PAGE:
2011 - The Year We Take Back Congress and Make Obama's Life Hell!

Wednesday, February 28, 2007

Is Pennsylvania Finally Headed in the RIGHT Direction?

LOOK OUT, Hillary! Watch your step, Barack!

If the 2008 presidential election were held today, Republicans John McCain or Rudy Giuliani would beat Democratic front-runners Hillary Clinton or Barack Obama, according to the latest Daily News/Keystone Poll.

No Republican presidential candidate has won Pennsylvania since George H.W. Bush beat Michael Dukakis in 1988.

In the presidential showdown, Sen. McCain beat Sen. Clinton 45 percent to 41 percent and beat Sen. Obama 43 percent to 37 percent.

Former New York City mayor Giuliani proved even more popular. He beat Clinton 53 to 37 percent and beat Obama 52 percent to 32 percent.

Terry Madonna, director of the Center for Opinion Research at Franklin & Marshall College, which conducted the poll, said that McCain and Giuliani benefitted by being viewed as moderate Republicans.

"Both of these guys are not party regulars; they're not identified in the same way with the Republican party," he said.

It's a good thing they aren't viewed as the same kind of Republican as the current president, George W. Bush, whose popularity in Pennsylvania is at an all-time low.

Madonna also noted that while Pennsylvania has gone Democratic in the last four presidential elections, it has been mostly by small margins.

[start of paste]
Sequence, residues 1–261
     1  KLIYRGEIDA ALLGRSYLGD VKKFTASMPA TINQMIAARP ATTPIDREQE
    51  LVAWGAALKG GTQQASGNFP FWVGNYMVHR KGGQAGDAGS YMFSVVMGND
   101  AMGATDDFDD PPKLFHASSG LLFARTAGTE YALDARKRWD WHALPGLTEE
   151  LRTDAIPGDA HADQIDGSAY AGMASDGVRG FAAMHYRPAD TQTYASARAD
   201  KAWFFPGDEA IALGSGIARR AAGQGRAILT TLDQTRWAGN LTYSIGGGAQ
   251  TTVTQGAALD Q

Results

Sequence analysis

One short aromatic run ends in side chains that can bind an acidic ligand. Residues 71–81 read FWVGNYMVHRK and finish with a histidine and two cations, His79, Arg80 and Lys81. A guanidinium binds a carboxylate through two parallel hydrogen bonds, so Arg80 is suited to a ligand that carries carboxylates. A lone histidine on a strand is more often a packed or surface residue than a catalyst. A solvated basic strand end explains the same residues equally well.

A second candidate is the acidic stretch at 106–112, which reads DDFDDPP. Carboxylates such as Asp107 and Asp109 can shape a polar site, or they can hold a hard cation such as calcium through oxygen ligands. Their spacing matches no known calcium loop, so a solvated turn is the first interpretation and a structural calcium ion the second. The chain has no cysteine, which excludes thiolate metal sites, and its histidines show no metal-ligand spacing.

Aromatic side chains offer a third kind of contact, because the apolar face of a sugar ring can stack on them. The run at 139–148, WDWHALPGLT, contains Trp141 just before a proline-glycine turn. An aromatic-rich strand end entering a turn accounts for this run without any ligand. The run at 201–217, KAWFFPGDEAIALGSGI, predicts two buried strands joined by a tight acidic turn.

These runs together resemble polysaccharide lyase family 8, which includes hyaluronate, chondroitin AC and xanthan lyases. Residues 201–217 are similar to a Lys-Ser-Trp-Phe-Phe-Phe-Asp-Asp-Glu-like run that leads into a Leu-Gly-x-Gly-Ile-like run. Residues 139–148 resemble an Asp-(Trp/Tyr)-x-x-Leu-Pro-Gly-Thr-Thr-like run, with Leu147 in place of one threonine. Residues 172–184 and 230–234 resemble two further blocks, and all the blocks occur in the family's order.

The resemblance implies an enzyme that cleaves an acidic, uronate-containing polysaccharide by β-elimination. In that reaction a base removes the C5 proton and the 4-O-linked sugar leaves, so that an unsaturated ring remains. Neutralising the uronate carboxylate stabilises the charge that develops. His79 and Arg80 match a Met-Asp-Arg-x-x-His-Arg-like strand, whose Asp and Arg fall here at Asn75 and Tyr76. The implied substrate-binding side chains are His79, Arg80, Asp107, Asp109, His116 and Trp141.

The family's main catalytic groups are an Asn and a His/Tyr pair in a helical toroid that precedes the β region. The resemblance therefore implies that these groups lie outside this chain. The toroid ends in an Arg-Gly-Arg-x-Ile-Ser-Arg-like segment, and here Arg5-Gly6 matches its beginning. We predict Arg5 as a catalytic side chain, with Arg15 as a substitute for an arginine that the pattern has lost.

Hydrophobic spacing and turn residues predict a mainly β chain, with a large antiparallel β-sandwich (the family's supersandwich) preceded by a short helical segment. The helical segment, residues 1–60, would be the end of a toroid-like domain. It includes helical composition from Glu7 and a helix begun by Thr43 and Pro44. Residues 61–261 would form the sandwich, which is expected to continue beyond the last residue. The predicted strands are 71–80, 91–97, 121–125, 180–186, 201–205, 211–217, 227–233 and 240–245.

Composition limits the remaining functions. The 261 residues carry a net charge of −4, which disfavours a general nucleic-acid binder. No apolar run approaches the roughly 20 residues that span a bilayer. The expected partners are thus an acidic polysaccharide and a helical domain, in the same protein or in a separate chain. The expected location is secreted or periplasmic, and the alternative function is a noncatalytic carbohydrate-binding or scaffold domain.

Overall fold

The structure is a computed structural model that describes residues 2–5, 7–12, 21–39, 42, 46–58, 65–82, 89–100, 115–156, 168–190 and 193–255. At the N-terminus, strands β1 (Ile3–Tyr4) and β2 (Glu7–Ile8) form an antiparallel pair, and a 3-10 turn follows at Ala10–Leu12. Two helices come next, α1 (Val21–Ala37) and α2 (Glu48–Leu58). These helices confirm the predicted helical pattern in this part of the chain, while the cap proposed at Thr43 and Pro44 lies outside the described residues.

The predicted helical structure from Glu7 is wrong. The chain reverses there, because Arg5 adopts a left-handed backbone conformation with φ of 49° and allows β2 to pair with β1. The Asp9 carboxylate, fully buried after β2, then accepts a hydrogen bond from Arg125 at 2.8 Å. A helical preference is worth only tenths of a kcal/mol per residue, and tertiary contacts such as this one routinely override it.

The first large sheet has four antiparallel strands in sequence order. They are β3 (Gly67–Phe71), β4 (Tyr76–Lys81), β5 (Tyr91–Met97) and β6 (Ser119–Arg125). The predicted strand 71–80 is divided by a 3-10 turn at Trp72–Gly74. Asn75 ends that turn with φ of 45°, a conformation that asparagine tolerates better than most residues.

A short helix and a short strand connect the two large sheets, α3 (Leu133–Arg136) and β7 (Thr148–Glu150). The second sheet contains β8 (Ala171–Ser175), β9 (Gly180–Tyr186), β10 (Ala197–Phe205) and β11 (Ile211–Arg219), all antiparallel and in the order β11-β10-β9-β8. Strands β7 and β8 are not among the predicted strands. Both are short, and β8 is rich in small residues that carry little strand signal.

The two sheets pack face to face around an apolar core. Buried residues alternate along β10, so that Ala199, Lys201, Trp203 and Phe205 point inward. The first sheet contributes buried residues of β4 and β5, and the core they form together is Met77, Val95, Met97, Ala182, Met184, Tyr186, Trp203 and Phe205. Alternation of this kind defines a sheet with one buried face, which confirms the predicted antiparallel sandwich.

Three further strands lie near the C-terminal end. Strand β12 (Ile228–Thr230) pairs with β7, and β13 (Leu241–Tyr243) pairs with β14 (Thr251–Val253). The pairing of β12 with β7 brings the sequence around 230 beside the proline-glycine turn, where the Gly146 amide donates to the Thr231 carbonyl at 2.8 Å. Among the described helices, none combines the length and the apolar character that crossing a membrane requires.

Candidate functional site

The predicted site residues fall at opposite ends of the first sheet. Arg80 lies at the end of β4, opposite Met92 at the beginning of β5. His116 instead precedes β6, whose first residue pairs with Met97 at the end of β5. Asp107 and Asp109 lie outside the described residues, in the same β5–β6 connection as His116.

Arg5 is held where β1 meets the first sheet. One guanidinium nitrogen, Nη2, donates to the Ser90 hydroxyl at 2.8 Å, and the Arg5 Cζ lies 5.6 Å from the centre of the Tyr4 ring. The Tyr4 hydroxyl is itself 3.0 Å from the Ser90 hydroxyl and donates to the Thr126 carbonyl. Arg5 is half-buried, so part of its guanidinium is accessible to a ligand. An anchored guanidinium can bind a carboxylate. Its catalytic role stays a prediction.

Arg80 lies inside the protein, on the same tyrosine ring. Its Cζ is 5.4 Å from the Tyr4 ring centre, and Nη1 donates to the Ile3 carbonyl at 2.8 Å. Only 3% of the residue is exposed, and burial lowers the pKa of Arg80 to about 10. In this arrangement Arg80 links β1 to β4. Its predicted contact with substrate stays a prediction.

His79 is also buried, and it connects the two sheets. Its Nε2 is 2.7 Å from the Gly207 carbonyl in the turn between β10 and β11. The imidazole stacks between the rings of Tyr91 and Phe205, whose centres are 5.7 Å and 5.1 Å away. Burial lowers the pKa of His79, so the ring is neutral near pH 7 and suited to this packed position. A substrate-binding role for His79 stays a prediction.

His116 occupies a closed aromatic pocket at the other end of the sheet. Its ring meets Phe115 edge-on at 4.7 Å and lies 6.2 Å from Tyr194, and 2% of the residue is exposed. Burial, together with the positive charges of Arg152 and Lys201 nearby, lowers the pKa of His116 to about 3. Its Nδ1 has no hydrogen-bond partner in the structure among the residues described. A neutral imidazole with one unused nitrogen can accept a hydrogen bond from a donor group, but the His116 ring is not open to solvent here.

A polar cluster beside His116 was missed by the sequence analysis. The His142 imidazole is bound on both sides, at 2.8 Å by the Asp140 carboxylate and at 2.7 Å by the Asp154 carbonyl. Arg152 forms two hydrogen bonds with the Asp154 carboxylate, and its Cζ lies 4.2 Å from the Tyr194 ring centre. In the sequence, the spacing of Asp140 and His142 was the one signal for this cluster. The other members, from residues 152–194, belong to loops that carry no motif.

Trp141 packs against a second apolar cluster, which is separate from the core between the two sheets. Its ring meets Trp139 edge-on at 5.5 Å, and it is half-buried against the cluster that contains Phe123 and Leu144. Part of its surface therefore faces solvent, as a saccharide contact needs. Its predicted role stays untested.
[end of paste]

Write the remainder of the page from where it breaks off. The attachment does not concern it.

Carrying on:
"It's trended Democrat, but it's still marginal enough that [Pennsylvania] is going to be a major player," he said.

Clinton may be fighting an upward battle here. The poll showed that 46 percent of registered voters gave her a "not favorable" rating. Only 32 percent viewed her favorably, while 17 percent were undecided and 5 percent didn't know.

"In Hillary's case she has high negatives for two reasons: one, the belief by many that she's polarizing, and the second one is the war," said Madonna, referring to Clinton's refusal to admit a mistake in voting to authorize military action in Iraq.

Obama might have room to grow, according to the results. His ratings were 31 percent favorable, 15 percent unfavorable and 20 percent undecided. But the highest percentage - 34 percent - said they don't know enough about him, which suggests he could still impress voters.

"Obama, the people who know him like him," Madonna said. "His problem is he's got to become better known. He's still kind of a media creation."

There are also the gender and race factors. Clinton would be the first woman, and Obama the first African-American, elected president. Could that be motivating Pennsylvania's voters to go Republican?

Madonna said he didn't think that was the main reason, saying he thought Clinton's negatives and Obama's lack of name recognition were bigger issues.

"If you're going to ask me if I think there's some residual problems with electing a women or an African-American, yes," he said. "Do I think they can overcome it? Yes."

Women voters favored Clinton over McCain, but were evenly split between McCain and Obama. But female voters chose Giuliani over both Clinton and Obama.

African-American and Latino voters vastly preferred Clinton and Obama to McCain and Giuliani.

John Baer has an opinion piece here.


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